March 2, 2015 at 4.00 pm in AG-69
New Solids having Novel Interfaces with Tunable Properties
Ultra-thin atomic layers open a possibility for interacting with individual atoms in a material. At the same time, control over their synthesis, bulk production, large area single crystal synthesis, amenabilities in transfer processesetc. open avenues for engineering them for suitable applications. Recently, development of new solids from interfacing distinct atomic layers received tremendous scientific attention. A new solid from in-plane bond saturated and electronically dissimilaratomic sheets, such as graphene and hexagonal boron nitride (hBN), called van der Waals solids is one such solid where new and unprecedented phenomena are found to be emanating from the interface. This is a paradigm shift in the materials science since these interface induced phenomena are found to be tunable to large extends. Moreover, some of these tunable phenomena at the interfaces are useful in energy harvesting and storage applications. The solids generated by other means of interfacing atomic layers are also found to be excelling in various fields. My talk will be focusing on some of the engineering aspects of 2D materials for various fields.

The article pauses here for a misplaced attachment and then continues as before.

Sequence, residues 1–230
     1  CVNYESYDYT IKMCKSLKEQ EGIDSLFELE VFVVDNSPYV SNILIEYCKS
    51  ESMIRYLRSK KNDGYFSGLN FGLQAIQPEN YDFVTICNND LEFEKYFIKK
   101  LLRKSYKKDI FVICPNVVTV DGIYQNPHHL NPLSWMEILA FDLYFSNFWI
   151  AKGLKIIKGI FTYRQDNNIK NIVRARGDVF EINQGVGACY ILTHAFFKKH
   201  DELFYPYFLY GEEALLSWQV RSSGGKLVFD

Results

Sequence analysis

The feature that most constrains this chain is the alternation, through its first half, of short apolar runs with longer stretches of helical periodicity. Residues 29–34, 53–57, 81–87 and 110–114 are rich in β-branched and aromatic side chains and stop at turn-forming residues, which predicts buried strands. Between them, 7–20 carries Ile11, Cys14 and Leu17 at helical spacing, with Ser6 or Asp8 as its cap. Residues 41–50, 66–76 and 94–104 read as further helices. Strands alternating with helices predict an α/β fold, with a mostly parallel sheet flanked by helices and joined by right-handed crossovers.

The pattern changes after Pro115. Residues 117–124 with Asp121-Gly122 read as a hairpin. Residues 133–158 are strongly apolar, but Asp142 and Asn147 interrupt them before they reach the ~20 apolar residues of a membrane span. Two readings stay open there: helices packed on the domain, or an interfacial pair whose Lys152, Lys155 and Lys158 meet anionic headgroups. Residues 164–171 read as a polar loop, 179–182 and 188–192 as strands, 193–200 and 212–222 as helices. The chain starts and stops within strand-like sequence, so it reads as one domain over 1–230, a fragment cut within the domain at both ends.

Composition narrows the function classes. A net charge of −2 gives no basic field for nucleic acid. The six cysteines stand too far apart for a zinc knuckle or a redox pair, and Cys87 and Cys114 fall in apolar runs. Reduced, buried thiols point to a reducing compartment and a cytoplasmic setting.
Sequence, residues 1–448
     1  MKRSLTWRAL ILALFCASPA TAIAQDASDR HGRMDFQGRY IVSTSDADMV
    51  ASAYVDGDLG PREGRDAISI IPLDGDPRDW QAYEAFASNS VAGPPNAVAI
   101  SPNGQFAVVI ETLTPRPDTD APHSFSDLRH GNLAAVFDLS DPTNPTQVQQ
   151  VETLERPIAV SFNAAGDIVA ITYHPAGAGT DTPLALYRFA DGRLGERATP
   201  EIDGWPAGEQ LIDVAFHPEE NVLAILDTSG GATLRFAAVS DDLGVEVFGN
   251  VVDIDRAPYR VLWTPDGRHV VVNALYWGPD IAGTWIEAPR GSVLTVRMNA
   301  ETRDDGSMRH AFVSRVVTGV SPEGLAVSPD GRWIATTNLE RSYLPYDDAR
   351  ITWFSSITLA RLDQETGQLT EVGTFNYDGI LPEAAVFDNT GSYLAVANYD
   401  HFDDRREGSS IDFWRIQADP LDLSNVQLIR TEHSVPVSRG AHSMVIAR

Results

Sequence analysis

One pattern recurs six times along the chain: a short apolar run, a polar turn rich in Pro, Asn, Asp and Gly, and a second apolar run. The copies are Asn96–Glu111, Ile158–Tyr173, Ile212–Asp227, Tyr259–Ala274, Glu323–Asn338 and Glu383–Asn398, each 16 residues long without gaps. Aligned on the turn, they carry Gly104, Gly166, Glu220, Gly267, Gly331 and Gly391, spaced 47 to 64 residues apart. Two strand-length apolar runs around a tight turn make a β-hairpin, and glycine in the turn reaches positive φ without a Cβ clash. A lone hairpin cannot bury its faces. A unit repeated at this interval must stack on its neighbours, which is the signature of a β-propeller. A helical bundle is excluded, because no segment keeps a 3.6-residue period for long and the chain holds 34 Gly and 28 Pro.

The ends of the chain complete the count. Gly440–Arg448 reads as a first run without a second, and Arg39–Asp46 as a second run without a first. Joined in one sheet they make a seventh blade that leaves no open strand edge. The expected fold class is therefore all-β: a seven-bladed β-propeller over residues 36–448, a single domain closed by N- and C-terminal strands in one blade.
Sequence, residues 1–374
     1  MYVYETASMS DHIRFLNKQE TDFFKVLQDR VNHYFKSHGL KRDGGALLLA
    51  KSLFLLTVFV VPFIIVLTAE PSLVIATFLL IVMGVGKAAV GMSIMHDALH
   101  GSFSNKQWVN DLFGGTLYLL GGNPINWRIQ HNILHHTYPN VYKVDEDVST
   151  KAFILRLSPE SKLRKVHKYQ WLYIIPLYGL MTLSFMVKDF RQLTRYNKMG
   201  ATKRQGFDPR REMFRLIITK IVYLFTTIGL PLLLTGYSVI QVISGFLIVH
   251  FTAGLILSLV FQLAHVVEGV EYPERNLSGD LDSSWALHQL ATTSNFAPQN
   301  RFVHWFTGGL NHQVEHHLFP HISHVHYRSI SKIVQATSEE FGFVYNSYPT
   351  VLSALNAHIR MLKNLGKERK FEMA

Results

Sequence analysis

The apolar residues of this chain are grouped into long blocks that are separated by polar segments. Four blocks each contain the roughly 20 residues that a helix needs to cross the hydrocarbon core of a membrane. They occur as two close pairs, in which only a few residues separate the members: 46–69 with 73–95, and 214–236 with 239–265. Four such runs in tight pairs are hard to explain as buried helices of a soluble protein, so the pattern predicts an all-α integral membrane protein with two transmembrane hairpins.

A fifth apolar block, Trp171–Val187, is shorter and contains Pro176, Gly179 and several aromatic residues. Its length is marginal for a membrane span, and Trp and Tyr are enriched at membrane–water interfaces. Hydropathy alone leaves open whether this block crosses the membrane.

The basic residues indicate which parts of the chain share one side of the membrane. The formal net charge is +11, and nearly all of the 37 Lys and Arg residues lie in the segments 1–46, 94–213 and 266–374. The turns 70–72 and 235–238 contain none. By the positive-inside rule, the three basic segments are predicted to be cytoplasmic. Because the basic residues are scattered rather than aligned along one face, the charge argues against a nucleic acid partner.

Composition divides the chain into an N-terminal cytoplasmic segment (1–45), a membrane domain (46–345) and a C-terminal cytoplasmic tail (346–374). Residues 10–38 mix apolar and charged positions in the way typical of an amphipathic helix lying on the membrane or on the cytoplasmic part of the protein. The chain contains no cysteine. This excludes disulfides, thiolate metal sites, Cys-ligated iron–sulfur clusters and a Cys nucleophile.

1. Artificially stacked atomic layers: towards new van der Waals solids, Gao et al. Nano Letters, 12, 3518-3525 (2012).Two dimensional materials: Mix and Match”Nature Nanotechnology, doi:10.1038/nnano.2012.139.
2. Engineering photophenomena in large three-dimensional van der Waals heterostructures, Krishna et al. NaturePhysics(Under Review).
3. Cross-linked 3D Graphene Nanoribbon Monolith Electrodes, Vineesh et al. Nanoscale (Under Review).
5. Wu et al. A three-dimensionally bonded spongy graphene material with both super compressive elasticity and near-zero Poisson's ratio,Nature Communications (Accepted).